Gustavo Dudamel Sings, Critics Swoon Over Propulsive ‘Cosi’ At Disney Hall

And now for something completely different: Gustavo Dudamel, the photogenic, tennis-playing globe-trotting music director of the L.A. Philharmonic brought a touch of levity to Cosi Fan Tutte this weekend by proving his chops as a baritone, singing just one line — all that was needed to win raves for what Los Angeles Times critic Mark Swed described as a “nasty yet startlingly illuminating new production” of Mozart’s most sexist opera or his most ambiguous, or both, depending on Da Ponte of view. In the New York Times, Zachary Woolfe described Dudamel as “calmly and completely in command.” The charismatic Venezuelan has brought star-power and youthful vitality to Walt Disney Concert Hall, making the L.A. Philharmonic one of the hottest bands in the country. While this production took some hits from the critics, they weren’t aimed at the conductor. The presentation, which is being repeated on Thursday and Saturday, is the last in Dudamel’s exploration of the three operas Mozart wrote with Lorenzo Da Ponte (the earlier ones were Don Giovanni and The Marriage of Figaro.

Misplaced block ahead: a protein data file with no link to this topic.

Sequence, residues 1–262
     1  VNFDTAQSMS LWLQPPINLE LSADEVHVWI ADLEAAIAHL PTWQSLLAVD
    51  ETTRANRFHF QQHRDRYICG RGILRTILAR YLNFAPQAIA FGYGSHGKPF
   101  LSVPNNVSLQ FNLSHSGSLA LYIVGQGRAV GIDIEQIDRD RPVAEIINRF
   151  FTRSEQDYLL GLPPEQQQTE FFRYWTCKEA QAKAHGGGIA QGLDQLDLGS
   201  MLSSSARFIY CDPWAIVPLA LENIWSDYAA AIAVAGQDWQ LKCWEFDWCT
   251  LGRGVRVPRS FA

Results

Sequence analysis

The added inducement was to have each production created by a superstar designers. In this case, the blanched, curving, set is by Zaha Hadid Architects (to my eye, a homage to Eiko Ishioka’s iconic set for M. Butterfly) and costumes by Hussein Chalayan. In Cosi, two men accept a challenge to disguise themselves and attempt to seduce their lovers. Swed called it Mozart’s “wisest, wittiest, most mysterious, most disturbing and most viably contemporary opera,” while Woolfe noted that “one of the production’s idiosyncrasies is its culminating vision — not thoroughly worked out — of pervasive androgyny.” Neither critic had reservations about Dudamel’s conducting, which Woolfe described as “both poetic and propulsive.”  Swed noted his “virtuosic moment-to-moment theatricality here was amazing, especially with his ability to create lightning-like shifts in the L.A. Phil’s sound — conveying Viennese creaminess or the needs of a 21st century psychodrama.”

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